Earl Spencer asks tabloid editors not to attend funeral

The editors of Britain's tabloid newspapers have declined invitations to attend the funeral of Diana, Princess of Wales, following…

The editors of Britain's tabloid newspapers have declined invitations to attend the funeral of Diana, Princess of Wales, following an approach from her brother, Earl Spencer. He attempted to contact the editors in person indicating he did not feel it was appropriate for them to attend tomorrow's service at Westminster Abbey. When he was not able to speak to them directly, he left messages with their assistants.

A spokeswoman for Lord Spencer said he had "personally asked the tabloid editors not to come, because he and his sisters, particularly Diana, would not have wished them to be there. They have kindly agreed to the request, although broadsheet and regional papers are welcome". - (PA)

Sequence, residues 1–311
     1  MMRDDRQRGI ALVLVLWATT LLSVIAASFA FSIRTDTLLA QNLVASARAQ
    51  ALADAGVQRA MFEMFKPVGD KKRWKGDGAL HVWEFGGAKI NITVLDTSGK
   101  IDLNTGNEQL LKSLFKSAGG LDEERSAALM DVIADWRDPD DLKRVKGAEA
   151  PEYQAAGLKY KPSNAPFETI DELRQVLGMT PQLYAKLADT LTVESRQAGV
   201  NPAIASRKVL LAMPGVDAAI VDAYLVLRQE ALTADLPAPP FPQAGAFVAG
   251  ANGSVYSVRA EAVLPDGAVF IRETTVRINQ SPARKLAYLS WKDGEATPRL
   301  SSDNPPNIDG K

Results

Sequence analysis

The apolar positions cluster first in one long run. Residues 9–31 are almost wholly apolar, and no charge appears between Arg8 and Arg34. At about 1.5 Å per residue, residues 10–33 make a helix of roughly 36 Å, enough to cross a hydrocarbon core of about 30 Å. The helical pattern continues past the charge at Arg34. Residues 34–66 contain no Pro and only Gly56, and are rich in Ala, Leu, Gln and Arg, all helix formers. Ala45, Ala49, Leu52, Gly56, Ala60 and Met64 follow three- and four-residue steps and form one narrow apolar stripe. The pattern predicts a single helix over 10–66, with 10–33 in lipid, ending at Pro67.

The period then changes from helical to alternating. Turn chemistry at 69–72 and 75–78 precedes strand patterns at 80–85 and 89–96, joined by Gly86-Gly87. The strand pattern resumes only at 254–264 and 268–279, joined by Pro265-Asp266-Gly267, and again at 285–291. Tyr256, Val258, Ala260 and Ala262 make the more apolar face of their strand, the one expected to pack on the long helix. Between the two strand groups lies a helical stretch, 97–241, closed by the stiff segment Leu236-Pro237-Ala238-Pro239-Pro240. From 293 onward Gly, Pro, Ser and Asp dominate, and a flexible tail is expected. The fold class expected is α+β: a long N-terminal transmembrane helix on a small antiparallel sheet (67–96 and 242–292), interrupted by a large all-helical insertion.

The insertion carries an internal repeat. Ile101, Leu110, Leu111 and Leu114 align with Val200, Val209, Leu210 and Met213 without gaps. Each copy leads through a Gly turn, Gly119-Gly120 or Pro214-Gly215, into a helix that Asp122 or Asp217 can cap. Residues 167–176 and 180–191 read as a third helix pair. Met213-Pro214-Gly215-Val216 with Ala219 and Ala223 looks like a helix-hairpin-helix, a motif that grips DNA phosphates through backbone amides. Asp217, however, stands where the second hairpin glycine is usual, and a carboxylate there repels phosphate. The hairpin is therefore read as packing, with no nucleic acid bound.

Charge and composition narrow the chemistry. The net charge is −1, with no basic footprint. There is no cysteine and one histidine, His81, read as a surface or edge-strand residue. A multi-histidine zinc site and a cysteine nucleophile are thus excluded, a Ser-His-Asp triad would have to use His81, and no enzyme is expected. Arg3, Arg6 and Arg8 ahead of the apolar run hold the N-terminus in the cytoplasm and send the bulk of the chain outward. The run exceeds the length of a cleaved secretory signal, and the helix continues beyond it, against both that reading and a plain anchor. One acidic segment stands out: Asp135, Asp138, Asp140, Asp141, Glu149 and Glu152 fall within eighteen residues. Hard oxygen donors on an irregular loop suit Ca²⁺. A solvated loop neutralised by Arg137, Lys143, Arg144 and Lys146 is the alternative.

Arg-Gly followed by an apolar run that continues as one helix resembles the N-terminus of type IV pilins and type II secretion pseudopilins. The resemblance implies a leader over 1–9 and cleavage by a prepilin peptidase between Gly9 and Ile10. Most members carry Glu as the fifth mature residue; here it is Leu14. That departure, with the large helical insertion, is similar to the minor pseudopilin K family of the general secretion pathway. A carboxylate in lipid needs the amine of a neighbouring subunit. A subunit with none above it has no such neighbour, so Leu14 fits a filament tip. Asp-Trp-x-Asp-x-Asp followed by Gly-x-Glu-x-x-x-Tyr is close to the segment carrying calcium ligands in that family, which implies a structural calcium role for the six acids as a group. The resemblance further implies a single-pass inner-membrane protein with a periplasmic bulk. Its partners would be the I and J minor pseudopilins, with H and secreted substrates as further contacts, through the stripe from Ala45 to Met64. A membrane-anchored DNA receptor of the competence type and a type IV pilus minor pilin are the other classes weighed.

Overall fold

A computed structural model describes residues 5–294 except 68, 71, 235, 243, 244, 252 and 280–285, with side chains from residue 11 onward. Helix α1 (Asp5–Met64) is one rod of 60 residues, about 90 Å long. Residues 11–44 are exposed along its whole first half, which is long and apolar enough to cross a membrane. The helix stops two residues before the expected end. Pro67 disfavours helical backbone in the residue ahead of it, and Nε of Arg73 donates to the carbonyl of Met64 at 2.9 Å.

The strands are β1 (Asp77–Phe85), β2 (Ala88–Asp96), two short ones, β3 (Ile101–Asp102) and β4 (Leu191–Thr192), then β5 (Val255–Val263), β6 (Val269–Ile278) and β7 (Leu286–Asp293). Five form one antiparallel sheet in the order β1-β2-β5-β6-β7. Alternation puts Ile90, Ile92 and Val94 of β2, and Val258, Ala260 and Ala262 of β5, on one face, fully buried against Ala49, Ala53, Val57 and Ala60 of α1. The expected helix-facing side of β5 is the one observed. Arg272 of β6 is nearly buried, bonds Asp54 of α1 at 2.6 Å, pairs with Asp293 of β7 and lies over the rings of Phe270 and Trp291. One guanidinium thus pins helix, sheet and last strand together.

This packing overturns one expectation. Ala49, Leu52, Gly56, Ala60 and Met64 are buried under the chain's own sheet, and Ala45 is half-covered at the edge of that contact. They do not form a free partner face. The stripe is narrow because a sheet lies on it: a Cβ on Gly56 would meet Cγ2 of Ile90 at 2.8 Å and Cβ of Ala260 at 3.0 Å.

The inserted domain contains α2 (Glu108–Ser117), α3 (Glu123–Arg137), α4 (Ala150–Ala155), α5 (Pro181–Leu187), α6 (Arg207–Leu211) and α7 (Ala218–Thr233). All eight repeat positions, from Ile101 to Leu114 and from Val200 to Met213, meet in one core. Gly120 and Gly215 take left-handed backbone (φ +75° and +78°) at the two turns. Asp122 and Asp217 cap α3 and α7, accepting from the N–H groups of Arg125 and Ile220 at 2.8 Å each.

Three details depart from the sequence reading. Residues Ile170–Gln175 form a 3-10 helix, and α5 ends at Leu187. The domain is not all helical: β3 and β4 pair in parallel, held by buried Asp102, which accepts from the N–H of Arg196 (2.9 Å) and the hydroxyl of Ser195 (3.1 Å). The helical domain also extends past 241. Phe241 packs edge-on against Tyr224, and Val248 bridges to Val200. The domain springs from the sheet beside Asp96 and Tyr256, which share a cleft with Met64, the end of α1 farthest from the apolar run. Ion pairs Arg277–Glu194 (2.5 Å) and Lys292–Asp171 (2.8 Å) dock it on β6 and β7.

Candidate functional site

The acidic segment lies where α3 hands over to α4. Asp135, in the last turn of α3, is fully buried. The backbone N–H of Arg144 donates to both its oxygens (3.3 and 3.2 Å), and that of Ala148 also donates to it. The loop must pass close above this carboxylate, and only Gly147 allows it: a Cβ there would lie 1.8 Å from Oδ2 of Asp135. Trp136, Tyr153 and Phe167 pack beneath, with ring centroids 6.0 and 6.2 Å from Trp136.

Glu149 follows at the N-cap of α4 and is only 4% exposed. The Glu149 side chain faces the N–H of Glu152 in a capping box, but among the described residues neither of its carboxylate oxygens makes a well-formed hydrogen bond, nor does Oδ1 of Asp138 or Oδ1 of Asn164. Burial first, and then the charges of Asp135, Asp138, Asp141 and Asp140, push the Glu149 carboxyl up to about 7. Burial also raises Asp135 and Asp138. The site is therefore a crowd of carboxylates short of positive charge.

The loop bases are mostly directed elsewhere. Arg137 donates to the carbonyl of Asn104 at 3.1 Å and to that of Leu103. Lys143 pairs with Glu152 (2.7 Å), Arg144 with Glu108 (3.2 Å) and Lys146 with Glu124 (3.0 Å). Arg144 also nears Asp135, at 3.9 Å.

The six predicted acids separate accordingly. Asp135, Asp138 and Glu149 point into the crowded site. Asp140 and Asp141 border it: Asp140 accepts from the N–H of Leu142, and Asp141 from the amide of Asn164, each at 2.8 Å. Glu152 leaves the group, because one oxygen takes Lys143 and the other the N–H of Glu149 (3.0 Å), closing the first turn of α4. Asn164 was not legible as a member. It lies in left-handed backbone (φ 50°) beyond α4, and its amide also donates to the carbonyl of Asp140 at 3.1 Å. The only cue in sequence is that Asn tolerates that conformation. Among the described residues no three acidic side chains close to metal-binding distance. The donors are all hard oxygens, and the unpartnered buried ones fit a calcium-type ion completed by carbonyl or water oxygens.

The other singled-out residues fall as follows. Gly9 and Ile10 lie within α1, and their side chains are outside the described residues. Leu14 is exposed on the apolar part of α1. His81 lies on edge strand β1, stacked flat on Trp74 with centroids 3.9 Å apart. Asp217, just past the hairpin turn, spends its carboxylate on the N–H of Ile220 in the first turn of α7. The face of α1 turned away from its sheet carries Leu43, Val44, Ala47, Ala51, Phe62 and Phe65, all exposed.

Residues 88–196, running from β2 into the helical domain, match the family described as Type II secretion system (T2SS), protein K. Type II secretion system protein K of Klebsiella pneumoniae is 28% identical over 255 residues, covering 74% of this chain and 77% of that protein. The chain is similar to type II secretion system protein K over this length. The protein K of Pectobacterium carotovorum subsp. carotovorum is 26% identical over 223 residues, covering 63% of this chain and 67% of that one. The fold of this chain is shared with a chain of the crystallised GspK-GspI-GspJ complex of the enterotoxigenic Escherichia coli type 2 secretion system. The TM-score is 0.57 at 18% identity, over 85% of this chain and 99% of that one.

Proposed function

Rachel Donnelly adds from London: Reeling from the shock of the death of Diana and struggling to set the right tone of a story with which they are "inextricably linked", the press, the tabloids in particular, yesterday turned its attack on Queen Elizabeth, accusing her of abandoning the nation in its hour of need.

The silence of the royal family has been palpable. Until yesterday, it was not just the people who were uneasy that there had been no formal statement from Queen Elizabeth, the press too pleaded for some word from Balmoral. When the paparazzi were the focus of the newspaper's anger, a series of articles called for tougher privacy laws. Now, with the funeral only hours away, news that Diana and Dodi's driver was drunk has caused the debate to be dropped and the press may feel it has played a part in the queen's decision to speak on television.

Yesterday, dismay had turned to anger, the Independent said, and the Guardian noted the difference in reaction between the British royals and the Prime Minister, Mr Blair. He had been forced to defend the "stoical" family under fire because they had not allowed a flag of any description to be flown above Buckingham Palace.

That "empty flagpole" stood as "a stark insult to Diana's memory", the Sun's editorial said.

READ MORE